Head Injury Emergencies

We all get a bump on the head from time to time. A brain injury may not reveal symptoms for days, weeks, or months. It can be hard to tell the difference between a superficial head injury and one that is causing permanent damage to the brain. The victim may not be aware of the severity, even though it is apparent to observers.

Recognizing a head injury emergency

Obviously, if something has penetrated the skull, you need to seek emergency medical care. Most head injuries, however, are closed head injuries, and manifest no visible injury.

Seek emergency medical care if any of the following symptoms are present during the first few moments or days after a suspected head injury:

  • Unconsciousness
  • Headache
  • Convulsions
  • Vacant or dazed expression
  • Drowsiness
  • Vomiting
  • Unable to remember the injury
  • Unequal pupil size
  • Paralysis
  • Clear fluid or blood coming from the nose or ear
  • Excessive salivation
  • Difficulty speaking
  • Dizziness
  • Numbness
  • Swelling
  • Fever
  • Sleeping more than usual
  • Difficult to wake up
  • Loss of coordination
  • Neck pain or stiffness
  • Labored breathing
  • Blurred or double vision
  • Hearing loss
  • Ringing ears

A head injury may not cause immediate symptoms. It can take several hours for enough swelling to develop in the brain, to cause symptoms to appear, but swelling and intracranial pressure can escalate quickly to a fatal level.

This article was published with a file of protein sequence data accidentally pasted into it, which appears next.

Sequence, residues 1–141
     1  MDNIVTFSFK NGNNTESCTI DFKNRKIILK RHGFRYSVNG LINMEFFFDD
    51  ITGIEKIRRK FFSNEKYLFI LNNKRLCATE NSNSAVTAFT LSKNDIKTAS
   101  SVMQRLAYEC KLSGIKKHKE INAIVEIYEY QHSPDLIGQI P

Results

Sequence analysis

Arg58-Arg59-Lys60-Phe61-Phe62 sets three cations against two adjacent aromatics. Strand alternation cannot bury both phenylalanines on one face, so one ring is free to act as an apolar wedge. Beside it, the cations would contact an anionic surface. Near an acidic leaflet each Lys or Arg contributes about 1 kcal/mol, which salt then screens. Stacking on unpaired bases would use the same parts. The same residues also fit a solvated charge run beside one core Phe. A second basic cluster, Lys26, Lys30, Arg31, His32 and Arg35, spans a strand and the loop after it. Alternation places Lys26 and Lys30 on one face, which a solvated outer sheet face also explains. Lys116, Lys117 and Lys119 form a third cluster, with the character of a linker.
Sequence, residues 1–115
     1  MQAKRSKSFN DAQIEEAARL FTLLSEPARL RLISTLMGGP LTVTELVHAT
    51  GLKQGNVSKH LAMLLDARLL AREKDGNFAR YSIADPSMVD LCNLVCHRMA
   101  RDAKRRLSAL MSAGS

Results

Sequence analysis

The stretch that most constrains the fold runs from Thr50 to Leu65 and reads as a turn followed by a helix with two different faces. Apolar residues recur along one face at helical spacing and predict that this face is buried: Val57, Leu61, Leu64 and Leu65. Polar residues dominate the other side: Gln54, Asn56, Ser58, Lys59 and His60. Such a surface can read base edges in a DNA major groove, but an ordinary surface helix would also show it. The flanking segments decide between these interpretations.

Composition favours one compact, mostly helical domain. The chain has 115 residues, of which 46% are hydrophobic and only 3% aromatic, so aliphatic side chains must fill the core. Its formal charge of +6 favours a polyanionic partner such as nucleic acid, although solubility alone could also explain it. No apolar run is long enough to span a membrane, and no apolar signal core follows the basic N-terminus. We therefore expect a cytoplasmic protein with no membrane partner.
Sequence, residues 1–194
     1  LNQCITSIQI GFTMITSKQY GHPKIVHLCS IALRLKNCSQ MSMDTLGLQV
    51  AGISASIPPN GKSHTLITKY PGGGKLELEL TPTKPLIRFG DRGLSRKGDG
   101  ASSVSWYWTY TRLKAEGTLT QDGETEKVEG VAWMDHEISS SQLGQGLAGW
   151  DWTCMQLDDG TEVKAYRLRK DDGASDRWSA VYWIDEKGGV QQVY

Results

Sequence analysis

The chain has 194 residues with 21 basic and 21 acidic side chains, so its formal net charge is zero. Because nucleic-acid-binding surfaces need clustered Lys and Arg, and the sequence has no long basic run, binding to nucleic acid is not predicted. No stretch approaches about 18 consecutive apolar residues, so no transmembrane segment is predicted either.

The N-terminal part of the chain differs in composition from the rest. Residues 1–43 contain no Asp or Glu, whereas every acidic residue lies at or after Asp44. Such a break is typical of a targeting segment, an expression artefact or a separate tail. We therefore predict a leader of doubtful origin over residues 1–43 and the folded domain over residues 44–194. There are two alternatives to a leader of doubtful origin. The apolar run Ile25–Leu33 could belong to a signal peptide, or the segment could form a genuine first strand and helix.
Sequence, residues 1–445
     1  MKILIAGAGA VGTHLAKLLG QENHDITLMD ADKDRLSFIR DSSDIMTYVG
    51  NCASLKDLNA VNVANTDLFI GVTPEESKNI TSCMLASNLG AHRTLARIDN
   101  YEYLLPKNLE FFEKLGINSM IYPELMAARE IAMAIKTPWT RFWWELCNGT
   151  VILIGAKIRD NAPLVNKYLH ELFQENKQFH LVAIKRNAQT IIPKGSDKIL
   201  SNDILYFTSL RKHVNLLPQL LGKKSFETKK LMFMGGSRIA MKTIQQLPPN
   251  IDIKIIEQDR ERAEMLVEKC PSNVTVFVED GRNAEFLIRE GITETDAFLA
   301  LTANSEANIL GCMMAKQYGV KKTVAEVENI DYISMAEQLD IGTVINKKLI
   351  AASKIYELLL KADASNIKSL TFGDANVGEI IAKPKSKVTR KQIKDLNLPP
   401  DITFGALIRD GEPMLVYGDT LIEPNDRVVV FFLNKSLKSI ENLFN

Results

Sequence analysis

A serious brain injury does not always cause loss of consciousness. If the victim does lose consciousness, consider it an emergency, even if the loss of consciousness was very brief.

Fluid or blood leaking from the nose or ears is often an indication of a skull fracture.

Second impact syndrome

If a person who is healing from a previous brain injury sustains a second impact to the head, no matter how minor, consider it a medical emergency, before symptoms arise.

In second impact syndrome, the brain is suddenly unable to regulate blood flow. This causes rapid swelling, herniation of the brain, and brainstem failure. It is more likely to happen to teenagers than adults. Second impact syndrome can kill or cause permanent damage within just a few minutes. Don't wait for symptoms to appear.

When help can't be reached

If you are dealing with a head injury emergency under circumstances where you can't get medical help, there are some things that you should know.

  • Do not leave the victim alone during the first twenty four hours after injury
  • Wake the victim up every two hours and check for awareness
  • Do not give the victim pain medication, sleeping pills, tranquilizers, or alcohol
  • No strenuous activity for at least 24 hours
  • Only small amounts of food should be given

If you or a loved one has suffered any type of traumatic brain injury in Washington DC, please email or call our skilled brain injury lawyers today. We are committed to obtaining justice for you - the victim.

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